Mastering Mandarin (or any language for that matter)
Recently I read a mom's remark on a forum regarding the importance of learning mandarin young, and that the child can always pick up English later, just like her.
Is there merit to that sweeping statement?
Well, let's break down points to her statement this way:
1. It's always easy for a young child to master any language in her young, absorbent years, as long as she gets the exposure to it. If the mastery of Mandarin is important to the mother, certainly prioritise it.
2. In most likelihood, yes, it is 'easier' to pick up English beyond childhood. English is a world language that is used in majority of official correspondence, as a communication medium at school and at work.
With that level of exposure, it is no wonder that English is fast becoming the default language most families and children use. However, the standard of spoken and written English requires quality exposure and effort to learn; fluency in English is not something 'that can be picked up later' without considerable dedication.
Conversely, gaining fluency in Mandarin is certainly not something we can conveniently pass off to a Chinese school or learning centre. What these school/center do is increasing the child's contact time with the language.
What has made it harder for our child to master fluency in Chinese?
To answer this, let's break down mastery of the language to i) grammatical & written competency, ii) audio - listening & comprehension, iii) audio - ability to converse, verbal fluency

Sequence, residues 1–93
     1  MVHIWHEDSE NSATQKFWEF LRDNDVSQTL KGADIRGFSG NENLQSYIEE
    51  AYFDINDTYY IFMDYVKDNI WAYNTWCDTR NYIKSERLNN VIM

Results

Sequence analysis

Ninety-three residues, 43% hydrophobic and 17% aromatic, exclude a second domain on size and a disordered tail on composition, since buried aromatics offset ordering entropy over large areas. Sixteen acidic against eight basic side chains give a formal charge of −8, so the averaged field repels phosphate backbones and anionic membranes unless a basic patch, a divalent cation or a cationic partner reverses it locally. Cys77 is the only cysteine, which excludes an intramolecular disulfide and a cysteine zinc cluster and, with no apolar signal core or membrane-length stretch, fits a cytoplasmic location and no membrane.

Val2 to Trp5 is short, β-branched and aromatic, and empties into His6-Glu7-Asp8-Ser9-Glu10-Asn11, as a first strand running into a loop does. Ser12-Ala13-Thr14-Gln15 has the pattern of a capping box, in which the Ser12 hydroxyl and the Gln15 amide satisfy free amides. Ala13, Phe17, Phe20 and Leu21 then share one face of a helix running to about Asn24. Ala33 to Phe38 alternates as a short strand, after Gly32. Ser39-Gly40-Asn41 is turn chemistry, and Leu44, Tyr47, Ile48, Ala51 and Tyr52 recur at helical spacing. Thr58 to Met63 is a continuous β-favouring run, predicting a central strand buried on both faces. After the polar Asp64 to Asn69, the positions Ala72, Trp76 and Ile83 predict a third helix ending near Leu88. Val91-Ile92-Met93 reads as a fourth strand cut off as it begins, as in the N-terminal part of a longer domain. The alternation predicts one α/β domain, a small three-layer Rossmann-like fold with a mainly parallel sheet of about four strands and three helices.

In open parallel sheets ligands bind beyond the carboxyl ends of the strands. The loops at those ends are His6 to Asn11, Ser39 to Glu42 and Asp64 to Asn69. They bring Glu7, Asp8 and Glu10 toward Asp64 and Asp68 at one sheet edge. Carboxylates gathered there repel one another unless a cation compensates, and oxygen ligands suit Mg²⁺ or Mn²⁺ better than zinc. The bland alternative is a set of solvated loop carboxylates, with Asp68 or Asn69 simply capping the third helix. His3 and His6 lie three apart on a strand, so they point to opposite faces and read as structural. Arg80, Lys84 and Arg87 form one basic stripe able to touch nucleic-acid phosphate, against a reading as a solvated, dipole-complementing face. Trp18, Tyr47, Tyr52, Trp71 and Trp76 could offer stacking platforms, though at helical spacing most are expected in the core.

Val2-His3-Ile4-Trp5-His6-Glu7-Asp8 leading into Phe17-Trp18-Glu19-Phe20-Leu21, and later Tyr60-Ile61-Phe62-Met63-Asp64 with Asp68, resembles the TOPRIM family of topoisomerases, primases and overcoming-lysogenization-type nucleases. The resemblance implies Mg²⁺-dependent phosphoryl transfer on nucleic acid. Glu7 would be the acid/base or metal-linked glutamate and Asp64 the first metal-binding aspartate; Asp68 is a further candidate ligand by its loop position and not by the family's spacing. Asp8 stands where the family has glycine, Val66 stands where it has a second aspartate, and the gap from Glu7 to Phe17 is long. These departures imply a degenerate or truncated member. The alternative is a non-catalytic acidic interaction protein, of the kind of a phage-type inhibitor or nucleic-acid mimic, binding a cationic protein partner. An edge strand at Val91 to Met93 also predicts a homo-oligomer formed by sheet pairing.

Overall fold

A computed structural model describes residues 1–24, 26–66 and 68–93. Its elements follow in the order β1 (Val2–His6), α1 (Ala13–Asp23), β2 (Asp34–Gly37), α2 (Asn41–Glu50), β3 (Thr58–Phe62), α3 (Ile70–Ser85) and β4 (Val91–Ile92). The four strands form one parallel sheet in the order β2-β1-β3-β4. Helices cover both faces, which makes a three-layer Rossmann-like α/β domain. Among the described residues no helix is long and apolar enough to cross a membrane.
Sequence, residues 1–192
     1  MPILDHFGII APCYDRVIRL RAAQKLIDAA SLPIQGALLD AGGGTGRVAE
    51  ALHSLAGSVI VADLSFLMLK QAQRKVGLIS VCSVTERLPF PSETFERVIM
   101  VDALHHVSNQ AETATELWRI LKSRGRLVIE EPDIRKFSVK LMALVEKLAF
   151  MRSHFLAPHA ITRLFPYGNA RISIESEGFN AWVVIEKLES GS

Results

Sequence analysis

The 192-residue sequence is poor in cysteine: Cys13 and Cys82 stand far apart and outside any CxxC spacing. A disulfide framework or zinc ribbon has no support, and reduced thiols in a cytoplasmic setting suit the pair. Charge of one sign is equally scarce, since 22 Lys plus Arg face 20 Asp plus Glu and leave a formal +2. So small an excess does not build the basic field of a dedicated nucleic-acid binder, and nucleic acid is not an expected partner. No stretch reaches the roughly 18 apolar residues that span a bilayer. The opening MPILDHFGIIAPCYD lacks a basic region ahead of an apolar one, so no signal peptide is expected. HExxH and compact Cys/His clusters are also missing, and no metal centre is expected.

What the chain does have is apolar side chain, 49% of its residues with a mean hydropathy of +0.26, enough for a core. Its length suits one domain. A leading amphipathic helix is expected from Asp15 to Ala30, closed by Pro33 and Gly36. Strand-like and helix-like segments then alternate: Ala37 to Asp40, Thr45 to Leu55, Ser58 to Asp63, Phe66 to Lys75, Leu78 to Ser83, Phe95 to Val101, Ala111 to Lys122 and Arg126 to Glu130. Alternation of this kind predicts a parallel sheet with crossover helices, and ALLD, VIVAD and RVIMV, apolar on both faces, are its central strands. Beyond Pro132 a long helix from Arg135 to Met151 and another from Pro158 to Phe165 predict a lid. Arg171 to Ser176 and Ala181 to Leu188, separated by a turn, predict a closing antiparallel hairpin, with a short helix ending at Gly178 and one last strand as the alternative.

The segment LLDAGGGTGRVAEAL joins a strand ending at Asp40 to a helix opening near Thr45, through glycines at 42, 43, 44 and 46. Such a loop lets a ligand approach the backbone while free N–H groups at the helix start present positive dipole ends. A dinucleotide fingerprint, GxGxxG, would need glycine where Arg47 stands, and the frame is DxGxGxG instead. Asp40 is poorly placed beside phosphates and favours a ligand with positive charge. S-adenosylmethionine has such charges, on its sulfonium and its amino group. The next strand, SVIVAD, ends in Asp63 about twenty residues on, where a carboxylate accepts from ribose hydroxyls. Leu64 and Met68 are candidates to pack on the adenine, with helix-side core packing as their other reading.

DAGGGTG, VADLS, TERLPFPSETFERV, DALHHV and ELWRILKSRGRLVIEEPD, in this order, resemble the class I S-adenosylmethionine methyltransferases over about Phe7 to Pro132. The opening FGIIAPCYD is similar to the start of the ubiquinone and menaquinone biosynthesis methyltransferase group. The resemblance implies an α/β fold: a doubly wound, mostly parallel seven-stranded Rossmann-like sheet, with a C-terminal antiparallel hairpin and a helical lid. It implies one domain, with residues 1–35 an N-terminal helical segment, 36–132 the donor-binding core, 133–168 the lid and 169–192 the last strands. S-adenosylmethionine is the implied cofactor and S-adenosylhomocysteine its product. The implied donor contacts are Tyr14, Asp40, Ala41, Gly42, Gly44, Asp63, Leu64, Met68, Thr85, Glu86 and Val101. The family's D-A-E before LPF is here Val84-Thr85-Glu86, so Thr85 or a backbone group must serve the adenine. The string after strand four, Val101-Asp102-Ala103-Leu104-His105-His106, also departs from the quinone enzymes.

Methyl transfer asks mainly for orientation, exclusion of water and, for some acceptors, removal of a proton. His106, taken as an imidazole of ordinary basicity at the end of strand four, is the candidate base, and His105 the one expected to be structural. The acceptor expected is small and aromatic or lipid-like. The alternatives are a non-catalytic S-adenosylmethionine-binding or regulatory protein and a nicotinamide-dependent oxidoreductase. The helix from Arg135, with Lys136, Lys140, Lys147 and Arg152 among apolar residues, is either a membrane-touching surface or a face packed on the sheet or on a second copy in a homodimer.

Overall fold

If the household's language of communication is Chinese, then the child shouldn't have issue mastering ii) and/or iii) audio competency in Chinese. A child increasing Chinese contact hours through Chinese school or learning centre may gain better understanding of i) gramma and written competency and/or ii) listen with better understanding. But for our child to speak the language proficiently, he/she has to have the opportunity to speak out loud frequently.
Suzuki believes almost all children can pick up their mother tongue, or rather the dominant language of their environment. He believes that the same logic can be applied to learning a musical instrument. Henceforth, the mastery of fluency of a language is akin to learning a musical instrument. The child must accept and embrace the language, practice, practice and practice!
Stay tune for updates on updates for our Preschool (K1/K2 curriculum) and San Yu Chinese School.